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Re: Processing after the end of DATA

2010-08-11 10:31:00

On 08/11/2010 03:42 PM, Dave CROCKER wrote:
But as Tony notes, the specific nature of the action after <CRLF>.<CRLF>
wasn't my question. My question was solely about SMTP Receiver delay in
making the response... for whatever reason -- and note that spam
filtering was actually the trigger condition for the question, not
message relaying. But again, the details weren't part of the question.

True. Sorry about contributing to topic drift.

I think my answer is that the receiver's permissible delay is governed by three concerns:

1. Doing as much as possible so as not to provoke blowback. Wasting an SMTP client's time is not so bad, wasting a human reader's time is very bad.

2. Staying within the client's specified time limit, ie. n minutes minus RTT, and noting that RTT can still be high: "The client is not required to wait longer than n minutes, and while the network is less temperamental now than it the past, RTTs of 1-2 minutes may still be observed". (In the nineties an Indian friend of mine suffered RTTs up to half an hour. I'm just guessing that two minutes may be possible now, since people do use VPN over TCP and such horrors.)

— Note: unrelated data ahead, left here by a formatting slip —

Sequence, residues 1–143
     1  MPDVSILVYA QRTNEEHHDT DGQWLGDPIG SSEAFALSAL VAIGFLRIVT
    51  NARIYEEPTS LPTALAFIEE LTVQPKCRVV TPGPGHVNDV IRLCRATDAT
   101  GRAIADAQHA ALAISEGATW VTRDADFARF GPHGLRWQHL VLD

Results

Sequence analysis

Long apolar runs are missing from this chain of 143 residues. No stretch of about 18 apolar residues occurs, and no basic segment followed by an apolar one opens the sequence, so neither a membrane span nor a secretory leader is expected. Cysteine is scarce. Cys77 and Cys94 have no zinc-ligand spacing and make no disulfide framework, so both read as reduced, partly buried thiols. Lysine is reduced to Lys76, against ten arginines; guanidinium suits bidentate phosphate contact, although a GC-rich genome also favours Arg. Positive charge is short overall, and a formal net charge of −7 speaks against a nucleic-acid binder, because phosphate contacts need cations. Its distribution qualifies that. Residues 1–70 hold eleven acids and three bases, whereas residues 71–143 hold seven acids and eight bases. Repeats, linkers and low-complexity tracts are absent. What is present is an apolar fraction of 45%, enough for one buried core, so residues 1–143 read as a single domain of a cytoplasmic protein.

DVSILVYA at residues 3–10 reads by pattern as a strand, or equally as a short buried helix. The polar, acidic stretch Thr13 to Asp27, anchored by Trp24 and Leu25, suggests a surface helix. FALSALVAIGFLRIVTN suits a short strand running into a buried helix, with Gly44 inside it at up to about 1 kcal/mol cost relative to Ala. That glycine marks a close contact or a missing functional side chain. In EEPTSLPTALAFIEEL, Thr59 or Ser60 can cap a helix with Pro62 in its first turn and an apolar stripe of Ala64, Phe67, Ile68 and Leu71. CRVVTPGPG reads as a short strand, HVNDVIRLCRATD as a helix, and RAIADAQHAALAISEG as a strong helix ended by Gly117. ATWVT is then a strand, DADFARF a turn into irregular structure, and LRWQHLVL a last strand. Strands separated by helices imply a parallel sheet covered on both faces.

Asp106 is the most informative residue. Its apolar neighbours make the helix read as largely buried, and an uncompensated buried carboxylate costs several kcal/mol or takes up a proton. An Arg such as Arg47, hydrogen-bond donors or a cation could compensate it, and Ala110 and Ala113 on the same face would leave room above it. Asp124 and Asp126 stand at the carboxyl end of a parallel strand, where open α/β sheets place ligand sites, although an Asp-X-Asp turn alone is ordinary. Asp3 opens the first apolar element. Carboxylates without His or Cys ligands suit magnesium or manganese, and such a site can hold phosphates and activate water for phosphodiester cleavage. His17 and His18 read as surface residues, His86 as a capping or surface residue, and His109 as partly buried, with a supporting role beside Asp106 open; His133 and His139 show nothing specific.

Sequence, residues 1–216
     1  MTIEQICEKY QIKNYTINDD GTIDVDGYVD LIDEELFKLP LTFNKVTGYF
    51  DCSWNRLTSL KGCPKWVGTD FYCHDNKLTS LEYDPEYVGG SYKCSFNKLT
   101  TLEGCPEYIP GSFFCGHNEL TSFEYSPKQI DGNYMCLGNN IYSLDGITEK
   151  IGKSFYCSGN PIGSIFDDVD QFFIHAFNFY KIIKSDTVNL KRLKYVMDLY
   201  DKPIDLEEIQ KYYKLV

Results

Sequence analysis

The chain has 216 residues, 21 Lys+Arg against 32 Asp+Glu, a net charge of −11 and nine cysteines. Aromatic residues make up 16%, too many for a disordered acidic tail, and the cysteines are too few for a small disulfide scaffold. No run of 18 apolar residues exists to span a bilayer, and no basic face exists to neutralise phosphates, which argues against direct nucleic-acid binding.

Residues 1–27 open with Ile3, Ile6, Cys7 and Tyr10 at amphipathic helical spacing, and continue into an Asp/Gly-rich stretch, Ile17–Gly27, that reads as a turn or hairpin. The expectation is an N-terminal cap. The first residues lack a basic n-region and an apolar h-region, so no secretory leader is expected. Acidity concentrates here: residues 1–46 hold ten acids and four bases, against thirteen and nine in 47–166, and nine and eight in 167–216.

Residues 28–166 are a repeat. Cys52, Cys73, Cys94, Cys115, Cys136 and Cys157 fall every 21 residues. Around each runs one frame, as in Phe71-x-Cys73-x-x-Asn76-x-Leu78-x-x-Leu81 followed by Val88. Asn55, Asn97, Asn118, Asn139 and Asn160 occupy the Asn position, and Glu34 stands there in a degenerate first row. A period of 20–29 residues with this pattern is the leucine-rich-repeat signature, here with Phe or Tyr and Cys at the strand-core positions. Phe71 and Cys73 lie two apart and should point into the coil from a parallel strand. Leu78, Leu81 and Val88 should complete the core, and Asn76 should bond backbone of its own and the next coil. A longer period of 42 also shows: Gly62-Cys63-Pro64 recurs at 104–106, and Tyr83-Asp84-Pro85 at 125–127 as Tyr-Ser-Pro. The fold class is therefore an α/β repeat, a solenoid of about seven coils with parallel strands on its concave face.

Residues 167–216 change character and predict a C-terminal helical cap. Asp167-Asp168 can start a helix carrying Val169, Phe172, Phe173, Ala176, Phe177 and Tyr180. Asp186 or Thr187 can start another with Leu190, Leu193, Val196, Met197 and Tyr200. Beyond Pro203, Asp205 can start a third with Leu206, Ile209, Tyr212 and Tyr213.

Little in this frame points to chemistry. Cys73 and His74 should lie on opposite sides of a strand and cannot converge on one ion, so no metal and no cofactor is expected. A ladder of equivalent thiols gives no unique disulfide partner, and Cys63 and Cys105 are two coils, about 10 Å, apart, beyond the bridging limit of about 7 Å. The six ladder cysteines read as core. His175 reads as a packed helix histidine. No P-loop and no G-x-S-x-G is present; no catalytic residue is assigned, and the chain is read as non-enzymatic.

3. Accommodating standards-violating clients and NATboxes that drop connections much too quickly. "Implementers should keep in mind that in the past, some NAT implementations and clients have been observed to drop connections after less than a minute" or whatever.

I think that could/should grow a paragraph mentioning these factors, without upper case, and that they apply to all the client timeouts in principle, but particularly in practice.